Wireless sensor networks have potential in health care and agriculture, says study
A new study published in the International Journal of Data Warehousing and Mining has found that personal health biomedical clothing based on wireless sensor networks (PH-BC-WSN) has the potential to significantly enhance access to quality health care and boost food production through precision agriculture. The technology, which is part of the Internet of Things (IoT), enables the creation of more efficient health care and medical asset monitoring systems.
The Internet of Things (IoT) refers to the interconnected network of physical devices, vehicles, home appliances, and other items embedded with electronics, software, sensors, and network connectivity, which enables these objects to collect and exchange data. The IoT allows for the seamless and automatic flow of data between devices, enabling a more connected and automated world.
The study emphasizes the importance of having a fast, reliable, and energy-efficient connection between wireless sensor networks (WSNs). To achieve this, the control specifications, networking layers, media access control, and physical layers must be optimized or co-designed. Researchers also highlight several challenges associated with the use of PH-BC-WSN, including privacy and cyber security issues, an increased risk of malpractice lawsuits, and higher costs for both doctors and patients.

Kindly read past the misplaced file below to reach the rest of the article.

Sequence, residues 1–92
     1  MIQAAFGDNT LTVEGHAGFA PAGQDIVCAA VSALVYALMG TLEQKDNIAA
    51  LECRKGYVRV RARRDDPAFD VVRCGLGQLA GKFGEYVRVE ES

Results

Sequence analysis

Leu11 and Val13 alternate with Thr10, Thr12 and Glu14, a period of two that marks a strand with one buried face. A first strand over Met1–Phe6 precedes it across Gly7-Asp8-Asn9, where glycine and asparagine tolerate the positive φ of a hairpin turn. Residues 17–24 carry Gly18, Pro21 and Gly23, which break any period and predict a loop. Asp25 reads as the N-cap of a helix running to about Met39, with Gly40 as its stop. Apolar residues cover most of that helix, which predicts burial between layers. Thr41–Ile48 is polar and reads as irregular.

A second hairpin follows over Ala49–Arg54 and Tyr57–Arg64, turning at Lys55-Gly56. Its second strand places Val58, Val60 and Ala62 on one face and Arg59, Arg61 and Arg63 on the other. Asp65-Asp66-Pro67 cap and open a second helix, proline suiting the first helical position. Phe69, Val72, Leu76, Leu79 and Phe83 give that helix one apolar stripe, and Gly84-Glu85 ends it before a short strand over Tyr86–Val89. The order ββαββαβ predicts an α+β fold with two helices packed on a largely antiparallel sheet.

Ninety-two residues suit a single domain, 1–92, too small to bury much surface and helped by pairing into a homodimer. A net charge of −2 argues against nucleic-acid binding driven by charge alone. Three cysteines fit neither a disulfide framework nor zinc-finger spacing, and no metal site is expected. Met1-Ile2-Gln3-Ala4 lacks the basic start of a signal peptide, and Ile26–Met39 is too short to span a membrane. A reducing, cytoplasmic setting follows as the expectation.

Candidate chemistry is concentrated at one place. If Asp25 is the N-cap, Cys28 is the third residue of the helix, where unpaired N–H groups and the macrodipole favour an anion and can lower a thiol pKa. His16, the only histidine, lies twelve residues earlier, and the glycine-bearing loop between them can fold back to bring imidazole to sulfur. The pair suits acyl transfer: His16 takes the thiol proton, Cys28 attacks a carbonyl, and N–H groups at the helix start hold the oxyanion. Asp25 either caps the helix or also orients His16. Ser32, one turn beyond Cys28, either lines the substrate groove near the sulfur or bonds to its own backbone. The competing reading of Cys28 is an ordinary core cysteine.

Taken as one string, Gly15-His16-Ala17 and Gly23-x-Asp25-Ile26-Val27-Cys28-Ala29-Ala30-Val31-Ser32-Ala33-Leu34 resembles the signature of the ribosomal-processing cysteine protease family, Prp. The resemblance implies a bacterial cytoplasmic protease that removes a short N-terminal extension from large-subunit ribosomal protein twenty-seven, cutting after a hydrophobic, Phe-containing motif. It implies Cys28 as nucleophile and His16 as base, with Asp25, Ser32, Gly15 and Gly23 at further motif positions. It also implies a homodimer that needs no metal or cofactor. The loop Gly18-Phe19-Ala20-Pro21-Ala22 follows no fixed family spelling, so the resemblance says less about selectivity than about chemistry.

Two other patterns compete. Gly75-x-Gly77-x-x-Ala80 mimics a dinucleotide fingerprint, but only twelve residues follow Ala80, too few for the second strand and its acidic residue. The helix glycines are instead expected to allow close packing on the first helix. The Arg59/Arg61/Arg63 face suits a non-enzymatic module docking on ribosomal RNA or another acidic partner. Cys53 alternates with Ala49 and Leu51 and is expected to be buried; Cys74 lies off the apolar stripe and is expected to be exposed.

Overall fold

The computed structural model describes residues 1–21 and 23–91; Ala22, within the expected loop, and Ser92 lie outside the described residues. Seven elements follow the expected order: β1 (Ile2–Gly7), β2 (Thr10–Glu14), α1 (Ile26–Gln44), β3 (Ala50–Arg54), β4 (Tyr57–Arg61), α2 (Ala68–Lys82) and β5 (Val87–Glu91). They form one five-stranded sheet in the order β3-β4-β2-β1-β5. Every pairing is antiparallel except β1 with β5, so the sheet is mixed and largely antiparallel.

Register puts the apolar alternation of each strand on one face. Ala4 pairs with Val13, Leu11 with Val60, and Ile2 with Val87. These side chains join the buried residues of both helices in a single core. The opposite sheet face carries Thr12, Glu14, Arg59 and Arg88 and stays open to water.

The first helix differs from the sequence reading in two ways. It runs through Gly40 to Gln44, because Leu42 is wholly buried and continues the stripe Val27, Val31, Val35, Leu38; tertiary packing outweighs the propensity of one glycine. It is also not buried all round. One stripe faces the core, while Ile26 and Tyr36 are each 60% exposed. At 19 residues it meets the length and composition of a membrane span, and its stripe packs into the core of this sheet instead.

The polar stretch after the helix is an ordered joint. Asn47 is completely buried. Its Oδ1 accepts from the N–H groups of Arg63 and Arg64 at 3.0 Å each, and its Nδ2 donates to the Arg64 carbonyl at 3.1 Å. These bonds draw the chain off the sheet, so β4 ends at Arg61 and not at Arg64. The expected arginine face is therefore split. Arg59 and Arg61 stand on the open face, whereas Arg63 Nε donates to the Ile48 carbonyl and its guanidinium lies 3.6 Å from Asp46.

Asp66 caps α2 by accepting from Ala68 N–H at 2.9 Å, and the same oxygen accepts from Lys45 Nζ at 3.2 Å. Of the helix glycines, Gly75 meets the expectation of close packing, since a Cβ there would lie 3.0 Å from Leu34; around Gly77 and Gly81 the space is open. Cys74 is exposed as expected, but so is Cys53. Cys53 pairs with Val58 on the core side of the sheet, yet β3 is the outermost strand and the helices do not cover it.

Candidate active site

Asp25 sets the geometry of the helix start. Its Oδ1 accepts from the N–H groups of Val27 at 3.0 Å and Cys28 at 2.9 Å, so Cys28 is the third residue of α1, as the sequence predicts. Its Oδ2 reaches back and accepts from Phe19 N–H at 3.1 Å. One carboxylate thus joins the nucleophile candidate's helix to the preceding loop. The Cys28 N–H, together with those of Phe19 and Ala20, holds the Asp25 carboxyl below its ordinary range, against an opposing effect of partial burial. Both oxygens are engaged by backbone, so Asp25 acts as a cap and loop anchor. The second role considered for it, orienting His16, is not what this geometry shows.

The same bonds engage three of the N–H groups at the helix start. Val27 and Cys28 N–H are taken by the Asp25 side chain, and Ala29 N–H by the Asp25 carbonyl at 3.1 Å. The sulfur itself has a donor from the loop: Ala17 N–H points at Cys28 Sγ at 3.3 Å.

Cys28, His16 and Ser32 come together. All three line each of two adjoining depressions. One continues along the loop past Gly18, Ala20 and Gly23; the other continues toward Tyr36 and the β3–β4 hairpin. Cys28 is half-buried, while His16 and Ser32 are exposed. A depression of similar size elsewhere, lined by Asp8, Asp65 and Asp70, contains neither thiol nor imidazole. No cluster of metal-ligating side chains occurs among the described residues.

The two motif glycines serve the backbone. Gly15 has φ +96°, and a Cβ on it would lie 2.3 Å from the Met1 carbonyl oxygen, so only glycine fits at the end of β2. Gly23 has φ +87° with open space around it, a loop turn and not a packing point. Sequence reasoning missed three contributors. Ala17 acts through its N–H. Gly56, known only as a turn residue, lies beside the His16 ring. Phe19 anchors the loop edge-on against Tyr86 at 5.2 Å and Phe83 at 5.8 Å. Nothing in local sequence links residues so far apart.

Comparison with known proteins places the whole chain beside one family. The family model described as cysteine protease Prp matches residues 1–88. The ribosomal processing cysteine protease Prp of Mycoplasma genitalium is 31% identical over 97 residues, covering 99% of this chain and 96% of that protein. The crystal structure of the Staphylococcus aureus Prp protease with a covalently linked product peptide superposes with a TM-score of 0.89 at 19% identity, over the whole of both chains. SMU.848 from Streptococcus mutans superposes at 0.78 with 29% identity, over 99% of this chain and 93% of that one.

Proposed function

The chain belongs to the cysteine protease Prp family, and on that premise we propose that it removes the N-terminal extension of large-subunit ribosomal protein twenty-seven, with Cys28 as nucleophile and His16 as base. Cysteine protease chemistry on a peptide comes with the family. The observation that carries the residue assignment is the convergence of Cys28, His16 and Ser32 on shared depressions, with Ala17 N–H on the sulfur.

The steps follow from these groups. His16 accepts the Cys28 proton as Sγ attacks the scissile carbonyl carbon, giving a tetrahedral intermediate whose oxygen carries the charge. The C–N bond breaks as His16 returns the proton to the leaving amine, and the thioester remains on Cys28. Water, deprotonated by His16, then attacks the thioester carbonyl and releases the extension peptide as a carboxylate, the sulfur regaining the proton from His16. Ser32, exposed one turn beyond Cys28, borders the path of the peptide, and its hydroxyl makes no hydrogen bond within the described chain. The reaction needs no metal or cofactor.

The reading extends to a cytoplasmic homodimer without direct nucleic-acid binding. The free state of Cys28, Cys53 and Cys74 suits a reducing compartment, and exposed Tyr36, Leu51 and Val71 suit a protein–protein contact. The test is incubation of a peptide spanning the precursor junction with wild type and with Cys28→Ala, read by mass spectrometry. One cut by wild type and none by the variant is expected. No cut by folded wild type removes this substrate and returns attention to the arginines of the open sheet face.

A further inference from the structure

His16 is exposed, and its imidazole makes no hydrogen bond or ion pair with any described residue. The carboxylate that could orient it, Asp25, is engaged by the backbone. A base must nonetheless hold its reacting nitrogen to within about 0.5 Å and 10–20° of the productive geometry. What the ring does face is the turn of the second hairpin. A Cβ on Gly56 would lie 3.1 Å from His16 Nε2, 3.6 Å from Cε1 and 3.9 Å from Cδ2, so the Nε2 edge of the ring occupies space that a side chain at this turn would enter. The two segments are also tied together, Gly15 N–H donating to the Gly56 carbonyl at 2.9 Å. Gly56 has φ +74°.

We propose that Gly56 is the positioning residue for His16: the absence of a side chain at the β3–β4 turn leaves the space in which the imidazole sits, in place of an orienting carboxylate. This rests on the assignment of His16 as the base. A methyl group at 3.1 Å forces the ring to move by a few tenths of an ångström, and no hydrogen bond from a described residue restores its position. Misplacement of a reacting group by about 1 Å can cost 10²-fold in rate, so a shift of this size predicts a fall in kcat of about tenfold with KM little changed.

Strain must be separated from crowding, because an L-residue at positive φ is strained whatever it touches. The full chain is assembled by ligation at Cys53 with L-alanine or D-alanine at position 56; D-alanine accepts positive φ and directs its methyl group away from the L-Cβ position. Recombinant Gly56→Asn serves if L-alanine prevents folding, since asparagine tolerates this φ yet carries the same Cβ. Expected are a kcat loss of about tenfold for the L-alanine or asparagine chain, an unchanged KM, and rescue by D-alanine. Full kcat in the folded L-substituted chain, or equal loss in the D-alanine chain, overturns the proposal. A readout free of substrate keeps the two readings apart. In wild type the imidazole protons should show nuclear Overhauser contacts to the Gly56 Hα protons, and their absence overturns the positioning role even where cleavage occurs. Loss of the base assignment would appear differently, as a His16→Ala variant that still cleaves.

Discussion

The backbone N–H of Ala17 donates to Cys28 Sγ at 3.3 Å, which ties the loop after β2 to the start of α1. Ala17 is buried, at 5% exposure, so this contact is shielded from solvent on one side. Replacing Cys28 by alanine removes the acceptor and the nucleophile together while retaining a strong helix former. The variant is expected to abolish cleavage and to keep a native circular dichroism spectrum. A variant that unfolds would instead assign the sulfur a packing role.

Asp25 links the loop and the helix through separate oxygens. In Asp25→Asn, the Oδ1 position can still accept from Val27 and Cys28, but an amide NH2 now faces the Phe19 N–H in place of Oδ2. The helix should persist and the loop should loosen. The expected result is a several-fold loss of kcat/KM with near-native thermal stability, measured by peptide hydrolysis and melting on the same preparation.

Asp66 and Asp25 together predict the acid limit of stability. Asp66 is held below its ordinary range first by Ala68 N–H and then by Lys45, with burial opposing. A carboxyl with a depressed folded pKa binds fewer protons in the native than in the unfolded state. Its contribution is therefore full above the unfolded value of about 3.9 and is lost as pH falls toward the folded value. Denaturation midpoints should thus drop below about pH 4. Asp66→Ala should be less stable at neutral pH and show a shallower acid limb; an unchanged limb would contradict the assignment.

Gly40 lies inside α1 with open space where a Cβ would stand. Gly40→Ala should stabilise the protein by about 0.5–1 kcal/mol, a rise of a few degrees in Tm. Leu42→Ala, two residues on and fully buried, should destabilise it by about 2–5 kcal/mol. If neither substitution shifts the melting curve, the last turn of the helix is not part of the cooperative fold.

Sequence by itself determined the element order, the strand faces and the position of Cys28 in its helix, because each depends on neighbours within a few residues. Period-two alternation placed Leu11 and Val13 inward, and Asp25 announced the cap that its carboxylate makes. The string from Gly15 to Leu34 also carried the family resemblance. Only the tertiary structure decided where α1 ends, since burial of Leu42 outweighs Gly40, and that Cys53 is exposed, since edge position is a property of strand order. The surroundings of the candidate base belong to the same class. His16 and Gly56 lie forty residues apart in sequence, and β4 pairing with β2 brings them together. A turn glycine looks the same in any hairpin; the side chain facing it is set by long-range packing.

The paper extensively discussed the potential risks of medical data eavesdropping, manipulation, fabrication of warnings, denial of services, and electromagnetic attacks.
The results of the study indicate that while PH-BC-WSN has the potential to improve health care and agriculture, there are also significant privacy and security concerns that must be addressed.
The authors call for further research to address these challenges and ensure that the technology is used in a responsible and ethical manner. In conclusion, PH-BC-WSN holds promise as a tool for improving health care and agriculture, but it is important to address the associated privacy and security risks to ensure that it is used in the best interests of patients and consumers.
More information: Ge Zhang et al, Personal Health and Illness Management and the Future Vision of Biomedical Clothing Based on WSN, International Journal of Data Warehousing and Mining (2022). DOI: 10.4018/IJDWM.316126